A government communications director who pleaded guilty to breach of trust in connection with a plan to win votes from ethnic groups was ”an instrument of others” including ministers in former premier Christy Clark’s cabinet, a defence lawyer told a sentencing hearing Wednesday.
Ian Donaldson said Brian Bonney has admitted to some missteps as part of a so-called quick wins scandal that embroiled the B.C. Liberal party before the 2013 election but he mostly did what he was told, so his behaviour wasn’t subversive to the democratic process as the Crown maintains.
Donaldson told provincial court that while Bonney lost his job after Clark appointed her deputy minister to conduct a review into allegations of the partisan use of taxpayers’ money to target minority groups, others involved in creating the strategy remained employed and received “fat severance cheques.”
Bonney pleaded guilty last October before the start of a trial, though Donaldson said his client is “barely guilty” for blurring the lines between his public service employment and his partisan political activities.
“This case isn’t about corruption or personal gain,” he said, adding Bonney had been on the job for seven weeks before attending a meeting in December 2011 to discuss a strategy he wasn’t involved in drafting.
Donaldson has asked for a suspended sentence for what he described as a breach of employment terms. The Crown wants a conditional sentence of 12 to 23 months that would include house arrest.
Court has heard Bonney supervised seven people who were tasked with building a list of ethnic organizations and individuals who would support the Liberal party.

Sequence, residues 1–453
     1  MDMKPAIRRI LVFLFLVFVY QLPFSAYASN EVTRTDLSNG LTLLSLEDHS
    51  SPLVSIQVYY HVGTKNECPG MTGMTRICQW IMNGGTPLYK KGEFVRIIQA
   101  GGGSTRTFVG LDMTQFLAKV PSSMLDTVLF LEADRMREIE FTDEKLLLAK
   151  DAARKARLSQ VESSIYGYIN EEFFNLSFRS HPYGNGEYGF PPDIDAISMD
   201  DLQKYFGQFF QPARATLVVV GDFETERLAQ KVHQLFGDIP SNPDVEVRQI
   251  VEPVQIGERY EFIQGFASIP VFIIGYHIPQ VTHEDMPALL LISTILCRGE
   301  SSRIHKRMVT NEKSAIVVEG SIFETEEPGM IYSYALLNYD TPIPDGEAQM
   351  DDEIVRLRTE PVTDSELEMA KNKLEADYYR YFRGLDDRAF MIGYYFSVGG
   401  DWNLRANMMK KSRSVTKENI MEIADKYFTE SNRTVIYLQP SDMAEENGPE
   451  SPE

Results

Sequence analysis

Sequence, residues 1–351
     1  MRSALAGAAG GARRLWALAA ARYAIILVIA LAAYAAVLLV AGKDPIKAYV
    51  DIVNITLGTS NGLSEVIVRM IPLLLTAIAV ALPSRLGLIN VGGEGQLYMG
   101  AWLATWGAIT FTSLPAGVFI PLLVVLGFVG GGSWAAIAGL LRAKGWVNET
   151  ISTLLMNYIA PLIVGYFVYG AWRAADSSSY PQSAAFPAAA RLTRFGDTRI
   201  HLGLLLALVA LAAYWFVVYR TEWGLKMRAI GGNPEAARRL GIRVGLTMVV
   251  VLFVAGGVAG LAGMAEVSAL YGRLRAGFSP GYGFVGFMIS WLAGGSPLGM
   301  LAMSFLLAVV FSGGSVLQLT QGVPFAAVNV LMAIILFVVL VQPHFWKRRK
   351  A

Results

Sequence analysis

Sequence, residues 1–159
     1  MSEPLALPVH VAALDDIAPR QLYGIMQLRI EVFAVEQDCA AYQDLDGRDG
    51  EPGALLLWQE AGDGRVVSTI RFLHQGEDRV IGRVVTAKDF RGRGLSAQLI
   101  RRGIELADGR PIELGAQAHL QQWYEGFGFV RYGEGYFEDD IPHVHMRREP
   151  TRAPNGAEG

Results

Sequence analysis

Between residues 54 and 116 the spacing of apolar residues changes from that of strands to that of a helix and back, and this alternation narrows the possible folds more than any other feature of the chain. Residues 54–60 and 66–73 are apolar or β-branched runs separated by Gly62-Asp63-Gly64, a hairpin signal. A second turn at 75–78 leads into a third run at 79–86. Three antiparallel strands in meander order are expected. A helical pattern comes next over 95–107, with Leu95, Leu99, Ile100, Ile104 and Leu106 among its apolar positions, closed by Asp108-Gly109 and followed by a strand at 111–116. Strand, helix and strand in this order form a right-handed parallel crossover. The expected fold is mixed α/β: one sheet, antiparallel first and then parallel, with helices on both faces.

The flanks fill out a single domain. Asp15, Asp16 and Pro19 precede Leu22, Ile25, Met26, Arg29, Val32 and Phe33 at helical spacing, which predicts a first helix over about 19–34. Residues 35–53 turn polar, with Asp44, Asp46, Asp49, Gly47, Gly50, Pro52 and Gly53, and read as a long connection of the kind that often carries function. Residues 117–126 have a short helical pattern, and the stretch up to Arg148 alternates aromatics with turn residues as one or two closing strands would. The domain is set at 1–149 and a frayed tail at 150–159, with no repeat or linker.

Donaldson said it’s not unusual for governments to have an agenda to engage ethnic minorities.
However, Judge David St. Pierre said the evidence from the Crown has suggested only voters who supported the Liberal party were targeted.
“There are people there who have partisan objectives, not good-for-the-people objectives,” he said of those involved in the outreach plan.
Donaldson said no rules around the conduct of appointed and government employees existed, adding that changed in 2014 when the Liberals put procedures in place following a scathing review of the allegations.
Special prosecutor David Butcher read Bonney’s private emails to the court directing community liaison workers to dial into radio shows to push the Liberals’ position on various topics, saying it was a clear example of the partisanship he tried to keep hidden.
“This is a case that goes to the heart of the democratic process, which I say is an assault on all of our values,” Butcher said, adding Bonney did not display a one time lapse in judgment after decades of work as a political operative who lost a riding nomination bid to Clark in 1995.
Butcher noted that in 2011, an Ontario judge handed a nine month jail sentence to a man for his part in the so-called robocalls scandal before the federal election in 2011, when up to 200 voters were sent to the wrong polling stations in a bid to favour the Conservative party.
“Mr. Bonney’s conduct sought to manipulate the election results across the whole province,” he said.
Butcher was appointed special prosecutor in 2013 after then NDP leader Adrian Dix filed a complaint to the RCMP about the Liberals’ conduct involving a multicultural outreach plan during a byelection campaign in 2012.
A report in 2013 by Clark’s deputy minister, John Dyble, said public officials misused government resources and Bonney was among those who spent a considerable amount of time doing party work and using private emails.
Clark apologized and the Liberals returned $70,000 of taxpayer money, though Butcher said there was never a full accounting of how the party arrived at that figure. He said it appears to have been half of Bonney’s salary.
Camille Bains, The Canadian Press